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With new television contracts looming, the NBA is cracking down on star players taking games off for rest. It enacted several changes on that front this offseason to incentivize players to play and organizations to make them available.

Beginning with Tuesday night's season openers, teams are not allowed to rest more than one star player in the same game, unless they are determined to be injured. They are also mandating that star players be available to play in nationally televised games, and if stars have to rest, the league would like teams to rest them for home games, not road games when opposing fans may only get to see a certain star once per season.

There could be penalties for teams that rest stars in too many road games.

The league is defining a star player as someone who has been an All-Star or on an All-NBA team in the previous three seasons. Players who fit this criteria for the Wolves are Rudy Gobert, Karl-Anthony Towns and Anthony Edwards.

This will likely be a larger issue for other teams than it will be for the Wolves, who open their season Wednesday night in Toronto.

"Our guys are guys that have always wanted to play, and that's how we're going to approach it," coach Chris Finch said. "We're not going to look to be aggressively resting anybody."

Towns and Edwards have rarely sat out for load management in their careers, while Gobert has played in at least 68 games each of the past five seasons. Edwards even drew praise around the league last season for saying he thought star players should always be available.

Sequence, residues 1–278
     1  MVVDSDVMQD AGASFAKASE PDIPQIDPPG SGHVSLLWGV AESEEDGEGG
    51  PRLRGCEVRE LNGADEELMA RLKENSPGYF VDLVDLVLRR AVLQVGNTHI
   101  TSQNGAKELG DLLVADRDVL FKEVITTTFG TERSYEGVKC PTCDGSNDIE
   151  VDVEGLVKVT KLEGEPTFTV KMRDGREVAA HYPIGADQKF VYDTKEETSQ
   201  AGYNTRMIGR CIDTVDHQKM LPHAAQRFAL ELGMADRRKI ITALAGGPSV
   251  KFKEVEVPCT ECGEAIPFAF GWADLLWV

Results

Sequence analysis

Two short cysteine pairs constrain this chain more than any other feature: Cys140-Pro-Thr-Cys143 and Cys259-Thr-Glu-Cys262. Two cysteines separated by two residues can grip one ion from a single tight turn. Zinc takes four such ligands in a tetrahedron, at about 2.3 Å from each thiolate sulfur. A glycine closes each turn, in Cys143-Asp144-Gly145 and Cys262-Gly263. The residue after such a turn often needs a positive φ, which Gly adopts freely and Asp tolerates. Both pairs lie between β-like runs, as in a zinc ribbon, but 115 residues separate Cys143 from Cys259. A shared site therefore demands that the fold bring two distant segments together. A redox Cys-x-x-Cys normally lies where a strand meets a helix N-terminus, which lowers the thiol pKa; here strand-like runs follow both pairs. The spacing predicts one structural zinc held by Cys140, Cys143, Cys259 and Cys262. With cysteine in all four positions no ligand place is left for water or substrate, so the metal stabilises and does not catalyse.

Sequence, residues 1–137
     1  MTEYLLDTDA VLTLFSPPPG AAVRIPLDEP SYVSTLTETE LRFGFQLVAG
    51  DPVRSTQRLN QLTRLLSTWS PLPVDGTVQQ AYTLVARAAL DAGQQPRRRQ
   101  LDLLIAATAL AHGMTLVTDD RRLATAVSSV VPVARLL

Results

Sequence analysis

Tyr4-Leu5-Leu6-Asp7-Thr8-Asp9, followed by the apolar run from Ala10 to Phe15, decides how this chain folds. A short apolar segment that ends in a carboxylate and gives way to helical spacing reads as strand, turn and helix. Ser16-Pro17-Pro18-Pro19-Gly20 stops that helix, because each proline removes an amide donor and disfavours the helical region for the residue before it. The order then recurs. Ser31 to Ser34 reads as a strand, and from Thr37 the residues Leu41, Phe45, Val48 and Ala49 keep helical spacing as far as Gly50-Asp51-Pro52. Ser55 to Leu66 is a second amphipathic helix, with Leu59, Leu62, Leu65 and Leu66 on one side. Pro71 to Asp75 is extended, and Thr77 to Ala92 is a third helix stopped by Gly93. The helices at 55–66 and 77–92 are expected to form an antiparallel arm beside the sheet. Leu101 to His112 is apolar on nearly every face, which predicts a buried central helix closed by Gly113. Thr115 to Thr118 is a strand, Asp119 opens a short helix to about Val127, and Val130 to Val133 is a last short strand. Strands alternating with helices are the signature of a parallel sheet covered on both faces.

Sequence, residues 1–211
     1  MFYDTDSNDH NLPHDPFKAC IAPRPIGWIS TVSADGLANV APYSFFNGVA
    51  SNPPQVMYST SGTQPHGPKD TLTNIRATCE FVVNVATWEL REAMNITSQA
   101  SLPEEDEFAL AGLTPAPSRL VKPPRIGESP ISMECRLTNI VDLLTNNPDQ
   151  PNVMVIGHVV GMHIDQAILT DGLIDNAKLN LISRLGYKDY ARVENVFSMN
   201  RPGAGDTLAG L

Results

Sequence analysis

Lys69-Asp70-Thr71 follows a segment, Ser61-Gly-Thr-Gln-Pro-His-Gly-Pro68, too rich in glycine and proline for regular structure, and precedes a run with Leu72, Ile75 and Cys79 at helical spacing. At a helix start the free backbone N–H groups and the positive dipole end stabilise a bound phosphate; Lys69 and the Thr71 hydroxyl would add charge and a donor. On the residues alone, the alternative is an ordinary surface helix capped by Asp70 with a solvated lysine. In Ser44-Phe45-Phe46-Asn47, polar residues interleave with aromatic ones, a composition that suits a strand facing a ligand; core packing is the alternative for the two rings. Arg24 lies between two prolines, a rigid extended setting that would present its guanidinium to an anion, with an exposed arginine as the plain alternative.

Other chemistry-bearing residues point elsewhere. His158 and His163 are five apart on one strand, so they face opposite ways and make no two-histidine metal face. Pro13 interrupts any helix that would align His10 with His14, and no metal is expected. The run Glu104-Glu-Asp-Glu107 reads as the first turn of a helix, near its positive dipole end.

Here's how this policy might affect the Wolves:

They have a back-to-back at Detroit on Jan. 17 and home against Memphis on Jan. 18. The Memphis game is on TNT, which means the Wolves will have to make sure Edwards, Gobert and Towns are available to play. If one of them is going to sit out for rest, it would have to be the previous night in Detroit, and only one of them would be able to sit.

The league is also incentivizing players to keep playing by including a minimum on league awards, like the All-NBA teams. Players must participate in 65 games to qualify for those postseason lists, which often have contract ramifications. For instance, if Edwards makes the All-NBA team this season, the contract extension he signed this summer goes from being worth about $217 million to $260 million.

Edwards made headlines in February at the All-Star Game when he spoke out against load-management strategies in the league.

"Just play, man. If you 80 percent, you gotta play," Edwards said then. "I don't like all the sitting, missing games stuff. These people might have enough money to come to one game. And that might be the game they come to and you sitting out."